Mexicali Blues: debut song by the Grateful Dead's psychedelic poet
Grateful Dead by Herb Greene
Mexicali Blues was first released by Bob Weir, an acclaimed rhythm guitarist, vocalist, and founding member of the Grateful Dead. In fact, as a solo project, the 1972 Ace album can be safely included in the Grateful Dead discography, given that all band members were involved in the studio recording and all of the album's songs have been performed at the Grateful Dead's concerts.
Notably, Mexicali Blues set off a fruitful collaboration between Bob Weir and poet John Perry Barlow who played a crucial role in establishing the Grateful Dead's psychedelic reputation by introducing the band to Timothy Leary. In the 1960s, Barlow was a frequent visitor to Leary's LSD sessions at the legendary Millbrook estate and later claimed to have consumed the substance over a thousand times.
Despite its mischievous major quality and groovy trumpet sections, Mexicali Blues does not at all correspond to the blues genre either in the harmonic structure of its chord chains or in the form of the poetic stanza. Stylistically, the track is more reminiscent of peppy country songs, while the nine-stanza lyrics spin the familiar tale of an American escaping to Mexico after killing a man at the request of his girlfriend.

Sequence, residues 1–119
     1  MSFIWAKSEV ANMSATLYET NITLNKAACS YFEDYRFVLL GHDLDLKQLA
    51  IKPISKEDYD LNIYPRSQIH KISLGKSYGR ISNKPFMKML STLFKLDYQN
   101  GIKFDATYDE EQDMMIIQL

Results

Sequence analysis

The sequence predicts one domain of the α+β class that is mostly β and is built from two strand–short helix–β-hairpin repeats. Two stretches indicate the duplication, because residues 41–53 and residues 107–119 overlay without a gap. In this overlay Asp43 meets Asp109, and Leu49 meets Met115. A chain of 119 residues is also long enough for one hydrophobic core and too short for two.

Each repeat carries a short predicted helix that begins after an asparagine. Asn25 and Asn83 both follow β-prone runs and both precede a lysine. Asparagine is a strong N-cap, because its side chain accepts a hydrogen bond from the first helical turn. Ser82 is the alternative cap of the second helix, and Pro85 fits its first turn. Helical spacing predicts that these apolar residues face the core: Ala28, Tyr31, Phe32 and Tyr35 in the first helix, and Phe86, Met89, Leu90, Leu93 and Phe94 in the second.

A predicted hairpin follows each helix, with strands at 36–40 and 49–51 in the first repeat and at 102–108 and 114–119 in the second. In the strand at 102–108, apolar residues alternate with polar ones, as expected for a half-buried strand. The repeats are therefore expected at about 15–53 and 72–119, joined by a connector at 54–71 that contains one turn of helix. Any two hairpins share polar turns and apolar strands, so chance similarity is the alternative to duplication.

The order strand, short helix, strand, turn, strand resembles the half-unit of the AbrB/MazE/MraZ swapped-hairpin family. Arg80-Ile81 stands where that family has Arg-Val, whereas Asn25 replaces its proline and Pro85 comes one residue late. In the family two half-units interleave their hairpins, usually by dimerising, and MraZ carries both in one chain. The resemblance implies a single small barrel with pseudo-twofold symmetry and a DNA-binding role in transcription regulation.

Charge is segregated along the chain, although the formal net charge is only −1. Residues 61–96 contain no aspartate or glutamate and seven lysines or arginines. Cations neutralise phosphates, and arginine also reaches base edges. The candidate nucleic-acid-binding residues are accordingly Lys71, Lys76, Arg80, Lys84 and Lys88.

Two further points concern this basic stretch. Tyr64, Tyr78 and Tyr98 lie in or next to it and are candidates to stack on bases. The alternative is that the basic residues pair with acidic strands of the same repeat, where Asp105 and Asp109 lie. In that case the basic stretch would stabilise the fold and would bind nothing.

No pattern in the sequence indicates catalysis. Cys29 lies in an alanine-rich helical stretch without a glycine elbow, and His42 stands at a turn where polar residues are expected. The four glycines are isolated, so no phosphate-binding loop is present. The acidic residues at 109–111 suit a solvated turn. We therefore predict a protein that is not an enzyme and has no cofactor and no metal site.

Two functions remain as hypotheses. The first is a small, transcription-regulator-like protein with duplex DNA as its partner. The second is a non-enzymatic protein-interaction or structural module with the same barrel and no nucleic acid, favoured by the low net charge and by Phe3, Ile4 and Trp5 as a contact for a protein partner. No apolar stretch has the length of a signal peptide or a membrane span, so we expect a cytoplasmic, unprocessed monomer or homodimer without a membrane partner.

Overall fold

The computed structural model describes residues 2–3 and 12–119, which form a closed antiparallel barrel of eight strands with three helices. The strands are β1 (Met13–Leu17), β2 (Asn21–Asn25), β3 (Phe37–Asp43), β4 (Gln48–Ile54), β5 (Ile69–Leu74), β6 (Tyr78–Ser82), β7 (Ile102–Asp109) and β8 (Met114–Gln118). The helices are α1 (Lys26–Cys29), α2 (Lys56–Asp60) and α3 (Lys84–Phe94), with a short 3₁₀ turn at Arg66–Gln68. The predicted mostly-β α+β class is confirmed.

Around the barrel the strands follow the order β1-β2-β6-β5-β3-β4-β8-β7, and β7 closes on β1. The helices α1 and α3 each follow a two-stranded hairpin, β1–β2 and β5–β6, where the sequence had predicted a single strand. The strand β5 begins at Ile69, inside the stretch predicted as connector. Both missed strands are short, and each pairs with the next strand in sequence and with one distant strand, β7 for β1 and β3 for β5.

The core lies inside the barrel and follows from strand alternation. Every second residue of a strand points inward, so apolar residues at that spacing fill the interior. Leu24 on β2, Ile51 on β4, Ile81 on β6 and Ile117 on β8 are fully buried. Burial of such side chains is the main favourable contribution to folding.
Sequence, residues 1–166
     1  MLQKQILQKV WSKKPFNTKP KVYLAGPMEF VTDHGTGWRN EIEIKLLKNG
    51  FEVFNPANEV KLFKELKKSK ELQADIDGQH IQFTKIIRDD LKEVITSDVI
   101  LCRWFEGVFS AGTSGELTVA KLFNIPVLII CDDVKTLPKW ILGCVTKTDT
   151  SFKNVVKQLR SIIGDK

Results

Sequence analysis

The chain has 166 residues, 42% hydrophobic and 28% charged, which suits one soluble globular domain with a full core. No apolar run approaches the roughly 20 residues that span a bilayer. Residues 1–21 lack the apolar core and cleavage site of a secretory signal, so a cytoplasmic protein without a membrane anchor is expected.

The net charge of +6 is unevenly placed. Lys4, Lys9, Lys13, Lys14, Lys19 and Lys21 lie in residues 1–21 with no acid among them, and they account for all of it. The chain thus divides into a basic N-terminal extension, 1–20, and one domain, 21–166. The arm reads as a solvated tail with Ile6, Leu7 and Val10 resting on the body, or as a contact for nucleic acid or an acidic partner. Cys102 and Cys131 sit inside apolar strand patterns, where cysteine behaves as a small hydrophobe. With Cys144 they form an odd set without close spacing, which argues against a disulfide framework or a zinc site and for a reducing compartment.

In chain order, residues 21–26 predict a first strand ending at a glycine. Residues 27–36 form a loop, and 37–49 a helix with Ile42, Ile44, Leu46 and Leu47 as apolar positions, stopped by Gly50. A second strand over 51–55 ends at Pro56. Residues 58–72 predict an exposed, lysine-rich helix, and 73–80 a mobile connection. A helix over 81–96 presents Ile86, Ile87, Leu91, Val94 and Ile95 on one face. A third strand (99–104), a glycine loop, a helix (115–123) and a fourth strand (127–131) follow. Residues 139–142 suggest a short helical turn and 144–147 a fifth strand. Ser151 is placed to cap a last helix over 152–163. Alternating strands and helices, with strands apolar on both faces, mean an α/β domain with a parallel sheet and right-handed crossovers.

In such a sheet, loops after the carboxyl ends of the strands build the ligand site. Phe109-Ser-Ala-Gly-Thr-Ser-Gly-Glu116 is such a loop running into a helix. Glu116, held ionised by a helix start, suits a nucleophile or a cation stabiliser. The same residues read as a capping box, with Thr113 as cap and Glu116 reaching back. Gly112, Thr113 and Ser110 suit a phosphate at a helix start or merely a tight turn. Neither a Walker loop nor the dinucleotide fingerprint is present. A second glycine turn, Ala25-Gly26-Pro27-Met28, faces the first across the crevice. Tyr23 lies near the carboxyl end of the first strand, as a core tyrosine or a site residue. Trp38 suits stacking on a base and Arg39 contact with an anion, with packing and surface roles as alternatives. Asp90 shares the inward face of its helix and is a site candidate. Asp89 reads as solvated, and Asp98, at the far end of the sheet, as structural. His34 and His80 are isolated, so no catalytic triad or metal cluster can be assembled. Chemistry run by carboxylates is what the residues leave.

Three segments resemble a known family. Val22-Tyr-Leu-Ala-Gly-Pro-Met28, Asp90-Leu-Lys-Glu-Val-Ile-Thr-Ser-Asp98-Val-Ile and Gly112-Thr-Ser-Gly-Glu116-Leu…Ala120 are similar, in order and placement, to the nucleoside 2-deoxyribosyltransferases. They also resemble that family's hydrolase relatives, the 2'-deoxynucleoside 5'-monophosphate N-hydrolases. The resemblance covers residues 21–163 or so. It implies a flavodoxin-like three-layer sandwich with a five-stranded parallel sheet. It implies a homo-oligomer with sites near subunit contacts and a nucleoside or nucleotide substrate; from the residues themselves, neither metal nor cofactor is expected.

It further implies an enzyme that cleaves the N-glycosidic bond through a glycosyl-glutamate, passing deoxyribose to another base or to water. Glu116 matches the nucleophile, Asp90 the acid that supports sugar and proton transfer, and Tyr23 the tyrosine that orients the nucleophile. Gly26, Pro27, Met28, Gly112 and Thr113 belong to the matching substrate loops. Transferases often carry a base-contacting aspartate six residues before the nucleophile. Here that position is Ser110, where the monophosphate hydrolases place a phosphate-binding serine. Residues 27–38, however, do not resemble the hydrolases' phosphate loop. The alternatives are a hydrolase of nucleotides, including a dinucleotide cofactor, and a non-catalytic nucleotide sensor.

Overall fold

Listen to Mexicali Blues by Bob Weir:
Curiously, the Grateful Dead initially collaborated with lyricist Robert Hunter, and Barlow was a later addition having been recruited after a feud between Hunter and the band took place at one of the shows in 1971. That evening Weir changed the original lyrics, which infuriated Hunter beyond measure who then angrily invited Barlow to write for Weir saying "take—he's yours".